Two weeks ago, a good friend , Lorena, rolled her van. It came after a heavy court week and luckily I forced myself to leave after work. I say luckily because it would have split my heart in two to know I stayed at the work and she rolled her car. It was her birthday weekend. I didn’t know her friends that well. She rolled her car and found herself stuck with two amazing large dogs. And, I have this loveable but frustrating mutt that is dominant and possessive with other dogs. It became the weekend of survival, but many many laughs.
This is a picture of her dogs after the incident. They shared the front seat the entire way back to camp.
Lorena and I rope gunned for other folks that weekend. Rope gunning means you lead routes for beginner climbers, which is great! I love new climbers getting out. The only one issue is I am so done with the same 5 climbs at Penitente Canyon.
For me, the stress of having 7 dogs at camp and my Shasta really pushed my enjoyment. I didn’t know these people. I had to keep putting Shasta in the car, or on the leash – and no one was watching their dogs. I had to constantly be moving dogs away from her on the leash or from the car.
The mood around camp was difficult. There was high tension amongst the group as well. I was tired from work. I was frustrated with my dog. And, when I am frustrated I kind of want alone time. With so many people at camp that proved difficult.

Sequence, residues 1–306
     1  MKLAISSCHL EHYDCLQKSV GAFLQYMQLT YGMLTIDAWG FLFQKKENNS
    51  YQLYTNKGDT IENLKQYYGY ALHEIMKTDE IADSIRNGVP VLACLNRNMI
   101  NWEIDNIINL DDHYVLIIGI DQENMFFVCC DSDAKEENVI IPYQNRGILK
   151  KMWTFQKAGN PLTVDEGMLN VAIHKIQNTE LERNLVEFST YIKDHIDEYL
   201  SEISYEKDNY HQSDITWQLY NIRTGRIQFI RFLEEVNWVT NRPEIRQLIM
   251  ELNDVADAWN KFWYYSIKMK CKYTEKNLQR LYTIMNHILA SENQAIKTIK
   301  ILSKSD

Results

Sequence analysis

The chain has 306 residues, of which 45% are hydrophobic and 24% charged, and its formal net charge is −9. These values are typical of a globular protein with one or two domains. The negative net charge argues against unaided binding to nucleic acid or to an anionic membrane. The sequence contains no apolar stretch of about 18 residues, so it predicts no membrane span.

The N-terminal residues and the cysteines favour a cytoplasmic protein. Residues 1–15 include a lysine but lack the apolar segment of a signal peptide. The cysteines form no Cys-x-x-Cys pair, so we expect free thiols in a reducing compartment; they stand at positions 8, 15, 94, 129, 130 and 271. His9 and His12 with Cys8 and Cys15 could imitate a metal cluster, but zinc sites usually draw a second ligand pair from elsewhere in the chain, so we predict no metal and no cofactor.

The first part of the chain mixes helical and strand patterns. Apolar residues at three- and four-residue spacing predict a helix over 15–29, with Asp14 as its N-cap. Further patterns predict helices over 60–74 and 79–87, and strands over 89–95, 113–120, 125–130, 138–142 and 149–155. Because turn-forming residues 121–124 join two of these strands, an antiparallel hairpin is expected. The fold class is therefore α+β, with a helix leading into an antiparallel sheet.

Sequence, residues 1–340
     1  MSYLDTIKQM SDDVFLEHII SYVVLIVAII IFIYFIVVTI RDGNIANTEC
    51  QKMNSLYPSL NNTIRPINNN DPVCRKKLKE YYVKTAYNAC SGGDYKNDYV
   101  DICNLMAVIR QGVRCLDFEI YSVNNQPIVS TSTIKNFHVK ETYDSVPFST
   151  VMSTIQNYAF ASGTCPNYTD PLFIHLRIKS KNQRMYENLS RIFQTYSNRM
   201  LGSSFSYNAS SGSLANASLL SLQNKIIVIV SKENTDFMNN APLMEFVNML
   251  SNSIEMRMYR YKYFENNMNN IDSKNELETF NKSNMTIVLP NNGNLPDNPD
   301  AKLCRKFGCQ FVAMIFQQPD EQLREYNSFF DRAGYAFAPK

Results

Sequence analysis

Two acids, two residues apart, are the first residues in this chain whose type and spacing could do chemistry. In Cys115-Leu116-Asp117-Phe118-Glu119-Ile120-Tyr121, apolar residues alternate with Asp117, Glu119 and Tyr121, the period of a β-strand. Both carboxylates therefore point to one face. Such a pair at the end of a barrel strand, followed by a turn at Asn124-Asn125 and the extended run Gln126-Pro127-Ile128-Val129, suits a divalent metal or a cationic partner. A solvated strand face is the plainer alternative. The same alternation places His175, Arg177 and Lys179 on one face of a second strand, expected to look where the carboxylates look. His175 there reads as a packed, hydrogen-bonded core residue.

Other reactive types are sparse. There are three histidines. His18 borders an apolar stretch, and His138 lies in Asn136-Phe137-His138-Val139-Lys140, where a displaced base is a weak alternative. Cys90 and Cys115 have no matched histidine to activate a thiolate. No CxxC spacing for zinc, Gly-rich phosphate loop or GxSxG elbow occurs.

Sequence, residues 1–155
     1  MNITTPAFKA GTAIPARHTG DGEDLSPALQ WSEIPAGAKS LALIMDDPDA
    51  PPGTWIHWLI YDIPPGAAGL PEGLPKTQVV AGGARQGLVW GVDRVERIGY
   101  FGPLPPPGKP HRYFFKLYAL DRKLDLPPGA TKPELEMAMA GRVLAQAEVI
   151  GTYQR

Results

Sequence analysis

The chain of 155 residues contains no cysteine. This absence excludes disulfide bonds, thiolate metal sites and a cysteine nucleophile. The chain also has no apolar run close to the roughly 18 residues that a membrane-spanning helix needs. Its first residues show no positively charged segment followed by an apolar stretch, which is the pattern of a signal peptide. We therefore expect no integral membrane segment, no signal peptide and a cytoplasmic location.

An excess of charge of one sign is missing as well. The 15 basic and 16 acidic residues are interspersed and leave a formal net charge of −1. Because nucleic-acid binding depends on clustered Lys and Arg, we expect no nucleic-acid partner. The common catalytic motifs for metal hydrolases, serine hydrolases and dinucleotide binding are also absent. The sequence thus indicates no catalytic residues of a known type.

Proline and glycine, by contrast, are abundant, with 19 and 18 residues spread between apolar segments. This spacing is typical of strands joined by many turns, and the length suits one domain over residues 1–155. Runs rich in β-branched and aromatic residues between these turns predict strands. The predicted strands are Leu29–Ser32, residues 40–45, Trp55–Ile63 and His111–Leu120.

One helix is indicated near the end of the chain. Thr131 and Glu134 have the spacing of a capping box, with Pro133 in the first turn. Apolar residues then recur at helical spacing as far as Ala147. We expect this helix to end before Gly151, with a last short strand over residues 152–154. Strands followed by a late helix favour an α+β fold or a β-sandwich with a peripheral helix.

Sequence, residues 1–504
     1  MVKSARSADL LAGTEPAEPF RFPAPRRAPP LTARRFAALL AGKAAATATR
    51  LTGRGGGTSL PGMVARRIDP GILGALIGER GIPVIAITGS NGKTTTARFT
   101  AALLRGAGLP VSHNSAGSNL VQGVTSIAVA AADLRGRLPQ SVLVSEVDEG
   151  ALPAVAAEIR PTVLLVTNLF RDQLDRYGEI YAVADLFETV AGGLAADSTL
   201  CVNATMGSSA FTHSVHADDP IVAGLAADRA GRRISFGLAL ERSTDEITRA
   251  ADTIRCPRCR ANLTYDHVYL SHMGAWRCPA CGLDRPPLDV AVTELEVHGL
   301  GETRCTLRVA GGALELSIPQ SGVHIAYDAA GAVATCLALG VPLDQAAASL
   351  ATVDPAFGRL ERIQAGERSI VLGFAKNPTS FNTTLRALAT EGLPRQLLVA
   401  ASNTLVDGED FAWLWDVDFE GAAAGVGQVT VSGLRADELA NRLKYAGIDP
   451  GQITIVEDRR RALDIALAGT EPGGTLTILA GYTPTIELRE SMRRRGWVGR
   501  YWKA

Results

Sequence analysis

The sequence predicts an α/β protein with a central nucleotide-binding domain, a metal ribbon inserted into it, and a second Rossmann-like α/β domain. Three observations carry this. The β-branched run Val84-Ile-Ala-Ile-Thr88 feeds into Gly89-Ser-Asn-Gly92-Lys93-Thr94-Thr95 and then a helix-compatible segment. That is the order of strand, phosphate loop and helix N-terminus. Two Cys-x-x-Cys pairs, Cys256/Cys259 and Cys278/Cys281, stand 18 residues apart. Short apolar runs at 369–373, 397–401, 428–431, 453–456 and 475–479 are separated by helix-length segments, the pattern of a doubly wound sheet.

Even with that said would I do it again, absolutely. There were moments I just loved. One, I didn’t have my boyfriend. I love him, but I enjoyed climbing on my own. It really sends the message to climbing friends, I am independent and can do this on my own and did it on my own before him. And, I met a new friend. It became us three. I loved the dynamic. Three hardcore women, all with professional careers, with bad ass attitudes, that can lead. Here are some pictures from that weekend:
On Sunday, we remarkably were able to fit all of Lorena’s belongings, her and three dogs in my beat up 1997 Subaru. We drove three hours using a crash pad as a make shift barrier, so Shasta didn’t lose it because dogs were in the car. And, yet all smiles. Our motto: always pack the crash pad: make shift couch, make shift sleeping pad (Lorena had to use it as pad she planned on sleeping in the van), make shift dog bed, make shift dog barrier. It’s the dirtbag motto.
Yes, since it was a new group, we did the same climbs. Let’s just say I am over Captain America and How the West Was Won. This group was eager and excited. And, I must say, to have all women leaders is not a bad mix up.
And, yes I did bring Shasta. She did remarkably well. Shasta shared climbing spots and even shared water bowls. I also bought a high powered water gun pistol to use in the future. But, what a difference it makes to have people helping you, redirecting their dogs when your dog is on the leash, it is so much better.
This weekend I have my eyes on Escalante👀